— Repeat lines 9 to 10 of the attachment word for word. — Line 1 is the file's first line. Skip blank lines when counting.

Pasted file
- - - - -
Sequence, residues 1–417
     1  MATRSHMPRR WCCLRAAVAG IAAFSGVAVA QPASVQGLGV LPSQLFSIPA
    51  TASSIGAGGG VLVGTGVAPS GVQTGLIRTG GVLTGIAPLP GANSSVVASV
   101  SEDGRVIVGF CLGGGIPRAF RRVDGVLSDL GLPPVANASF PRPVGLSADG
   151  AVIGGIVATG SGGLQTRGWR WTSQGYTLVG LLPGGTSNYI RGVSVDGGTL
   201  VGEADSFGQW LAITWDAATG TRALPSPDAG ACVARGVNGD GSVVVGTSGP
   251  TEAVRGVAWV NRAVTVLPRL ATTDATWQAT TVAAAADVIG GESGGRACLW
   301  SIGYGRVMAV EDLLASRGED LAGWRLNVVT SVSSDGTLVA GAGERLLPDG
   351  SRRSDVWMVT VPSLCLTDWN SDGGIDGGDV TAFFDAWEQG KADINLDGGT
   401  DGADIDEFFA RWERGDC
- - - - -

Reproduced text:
   351  SRRSDVWMVT VPSLCLTDWN SDGGIDGGDV TAFFDAWEQG KADINLDGGT
   401  DGADIDEFFA RWERGDC